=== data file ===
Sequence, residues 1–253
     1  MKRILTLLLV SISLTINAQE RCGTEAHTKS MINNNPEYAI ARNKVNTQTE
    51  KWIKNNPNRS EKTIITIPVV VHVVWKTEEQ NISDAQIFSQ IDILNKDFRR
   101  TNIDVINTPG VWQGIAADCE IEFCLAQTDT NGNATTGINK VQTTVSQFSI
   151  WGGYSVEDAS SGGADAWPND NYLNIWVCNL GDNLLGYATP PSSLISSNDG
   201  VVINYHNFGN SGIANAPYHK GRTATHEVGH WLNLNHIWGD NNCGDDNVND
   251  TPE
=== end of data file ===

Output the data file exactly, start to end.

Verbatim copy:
Sequence, residues 1–253
     1  MKRILTLLLV SISLTINAQE RCGTEAHTKS MINNNPEYAI ARNKVNTQTE
    51  KWIKNNPNRS EKTIITIPVV VHVVWKTEEQ NISDAQIFSQ IDILNKDFRR
   101  TNIDVINTPG VWQGIAADCE IEFCLAQTDT NGNATTGINK VQTTVSQFSI
   151  WGGYSVEDAS SGGADAWPND NYLNIWVCNL GDNLLGYATP PSSLISSNDG
   201  VVINYHNFGN SGIANAPYHK GRTATHEVGH WLNLNHIWGD NNCGDDNVND
   251  TPE